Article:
Seelaar, the left-arm spin-bowling all-rounder, took over from the respected Peter Borren, who retired in April after the ICC Cricket World Cup Qualifier 2018. Borren had been a pugnacious and emotional player and leader; he ensured the disappointment of 2014 was not the start of a slide, but a launchpad for global success.
The new captain is calmer – at least he tries to be. He is a good motivator and more patient, which works well for the youngsters.
The Netherlands have successfully blooded several young players in recent years. According to Myburgh, who has one List A hundred and 16 fifties to his name from 85 matches, this has changed the complexion of their game.
“We were a weaker squad [in 2014]. Now we’ve got a lot of youngsters coming through,” he said. “We have a group of 16-18 to pick from, where in the past we’d got only 12. Now with injuries, we’re OK, where in the past, if we had one or two injuries we would struggle.
“Because we’ve got a lot of guys aged 18 to 23, they’ve brought in a lot of energy. Our fielding has also improved quite a bit, and we’re a little quicker. It brought a refreshment around the team.”
Nepal seal their first ODI win by the slimmest of margins! A one-run victory!— ICC (@ICC) August 3, 2018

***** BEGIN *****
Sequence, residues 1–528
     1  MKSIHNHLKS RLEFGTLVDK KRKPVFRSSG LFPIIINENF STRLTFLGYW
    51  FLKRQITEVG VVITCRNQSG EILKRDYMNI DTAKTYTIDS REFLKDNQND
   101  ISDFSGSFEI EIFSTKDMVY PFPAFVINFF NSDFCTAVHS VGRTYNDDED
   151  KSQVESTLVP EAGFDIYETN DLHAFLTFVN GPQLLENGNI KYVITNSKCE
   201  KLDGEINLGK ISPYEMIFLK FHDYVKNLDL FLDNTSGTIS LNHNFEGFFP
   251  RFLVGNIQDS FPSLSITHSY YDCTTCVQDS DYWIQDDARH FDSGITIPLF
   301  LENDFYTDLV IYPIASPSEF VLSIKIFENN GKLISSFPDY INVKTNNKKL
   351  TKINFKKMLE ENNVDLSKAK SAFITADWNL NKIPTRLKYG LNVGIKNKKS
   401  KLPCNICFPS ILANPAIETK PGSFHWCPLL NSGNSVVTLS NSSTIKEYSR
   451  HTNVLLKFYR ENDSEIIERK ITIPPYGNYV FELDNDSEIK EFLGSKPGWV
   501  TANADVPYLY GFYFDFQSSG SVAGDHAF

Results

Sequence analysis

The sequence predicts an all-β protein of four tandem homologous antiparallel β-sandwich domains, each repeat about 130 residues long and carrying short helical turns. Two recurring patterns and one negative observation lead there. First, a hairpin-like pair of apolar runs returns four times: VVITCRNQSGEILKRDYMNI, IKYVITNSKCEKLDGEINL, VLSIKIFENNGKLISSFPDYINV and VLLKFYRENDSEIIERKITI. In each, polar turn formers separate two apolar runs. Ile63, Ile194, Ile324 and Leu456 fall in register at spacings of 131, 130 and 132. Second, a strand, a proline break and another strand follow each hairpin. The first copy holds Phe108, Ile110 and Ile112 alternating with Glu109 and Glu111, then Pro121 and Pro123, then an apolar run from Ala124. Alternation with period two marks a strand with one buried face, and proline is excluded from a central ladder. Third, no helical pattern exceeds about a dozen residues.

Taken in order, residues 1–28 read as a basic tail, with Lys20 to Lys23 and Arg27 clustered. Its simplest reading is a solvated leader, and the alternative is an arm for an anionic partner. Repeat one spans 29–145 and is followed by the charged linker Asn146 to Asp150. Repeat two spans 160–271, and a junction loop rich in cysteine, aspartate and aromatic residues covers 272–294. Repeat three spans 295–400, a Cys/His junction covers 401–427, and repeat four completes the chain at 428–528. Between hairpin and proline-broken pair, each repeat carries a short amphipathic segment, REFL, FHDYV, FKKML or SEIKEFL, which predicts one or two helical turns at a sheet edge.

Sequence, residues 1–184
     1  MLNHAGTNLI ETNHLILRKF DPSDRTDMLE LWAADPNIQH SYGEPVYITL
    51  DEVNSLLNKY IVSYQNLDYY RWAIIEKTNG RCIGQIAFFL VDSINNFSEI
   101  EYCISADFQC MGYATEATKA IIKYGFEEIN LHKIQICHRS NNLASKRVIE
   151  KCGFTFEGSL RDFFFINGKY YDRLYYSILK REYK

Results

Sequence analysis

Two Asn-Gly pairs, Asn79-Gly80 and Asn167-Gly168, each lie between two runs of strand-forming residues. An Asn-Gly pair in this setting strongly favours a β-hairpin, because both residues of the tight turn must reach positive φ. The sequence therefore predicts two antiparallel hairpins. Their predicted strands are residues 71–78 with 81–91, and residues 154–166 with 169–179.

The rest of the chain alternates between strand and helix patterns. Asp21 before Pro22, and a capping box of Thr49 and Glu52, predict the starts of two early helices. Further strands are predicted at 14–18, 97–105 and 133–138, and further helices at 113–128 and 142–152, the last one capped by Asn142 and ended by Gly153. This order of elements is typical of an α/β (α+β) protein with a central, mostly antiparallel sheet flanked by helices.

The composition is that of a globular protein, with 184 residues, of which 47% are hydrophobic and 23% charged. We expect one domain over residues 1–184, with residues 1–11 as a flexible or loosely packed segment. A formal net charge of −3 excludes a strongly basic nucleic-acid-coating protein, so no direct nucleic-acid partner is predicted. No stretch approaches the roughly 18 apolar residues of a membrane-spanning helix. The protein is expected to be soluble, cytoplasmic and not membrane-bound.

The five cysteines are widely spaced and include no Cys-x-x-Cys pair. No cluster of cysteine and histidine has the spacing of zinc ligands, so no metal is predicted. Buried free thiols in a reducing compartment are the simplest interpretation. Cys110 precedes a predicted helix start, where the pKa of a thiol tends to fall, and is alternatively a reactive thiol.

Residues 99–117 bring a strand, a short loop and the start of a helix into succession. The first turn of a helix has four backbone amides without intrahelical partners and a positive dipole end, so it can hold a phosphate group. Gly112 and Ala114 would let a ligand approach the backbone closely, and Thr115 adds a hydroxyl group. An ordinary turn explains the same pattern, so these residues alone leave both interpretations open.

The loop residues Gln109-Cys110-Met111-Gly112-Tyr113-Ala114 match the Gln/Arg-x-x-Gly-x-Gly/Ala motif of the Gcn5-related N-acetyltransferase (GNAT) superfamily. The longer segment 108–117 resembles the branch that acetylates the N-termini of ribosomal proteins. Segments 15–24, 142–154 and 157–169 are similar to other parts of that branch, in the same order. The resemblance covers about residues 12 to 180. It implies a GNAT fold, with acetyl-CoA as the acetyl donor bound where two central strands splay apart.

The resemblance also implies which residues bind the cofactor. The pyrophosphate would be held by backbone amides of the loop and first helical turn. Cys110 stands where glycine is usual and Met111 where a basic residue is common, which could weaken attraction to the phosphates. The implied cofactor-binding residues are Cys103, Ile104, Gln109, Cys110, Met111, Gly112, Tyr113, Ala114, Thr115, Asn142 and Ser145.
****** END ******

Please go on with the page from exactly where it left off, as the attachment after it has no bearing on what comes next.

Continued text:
Captain Paras Khadka defends five off the last after the 10th wicket had added 30. An unbelieveable game, and what a moment for Nepal!#NEDvNEP SCORE 👇 https://t.co/hiBJZ67jpNpic.twitter.com/Fv2938NyhH
So, it was a happy, positive vibe to the side for the ODIs against Nepal. The hosts won the opener, but, of course, Nepal aren’t known as the ‘cardiac kids’ for nothing. Defending 216, the newest ODI nation pulled off a last-ball win in the second game as the series finished 1-1.
The Netherlands were slightly disappointed – going by rankings, they had expected more. They rued the rash shots and the lost chances.
But they also knew that their ODI comeback had become a classic – they spent an hour with their rivals after the match, chatting and sharing experiences. They knew it held vital lessons for their ODI future in the one-day game.
Absolute pleasure being part of our return to ODIs vs @CricketNep! Great vibe created by fans! Serious fight shown by both teams with some great individual performers! Hopefully have a return series over there in Nepal! @ICC@KNCBcricket@seelaar8@paras77@IamSandeep25#NEDvNEP— Ben N Cooper (@bencooper_32) August 4, 2018
“We probably were involved in one of the greatest games of cricket,” laughed Seelaar. “You talk about the great games, people scoring 300, 400, but … it was one of those games when you could never think it was a done deal.
“Nepal fought hard, we fought hard to get where we were in the last over, last two overs. It was really exciting but also really disappointing. We set ourselves an objective, but it seems Nepal has a nagging way of fighting well against us and beating us on occasion!
“It’s probably one of the biggest lessons to learn, that you are never truly out of the game until the final ball is bowled or the final run is hit.
“It’s a lesson for the guys coming in, the game of cricket is never over till it’s really over.”
– Karunya Keshav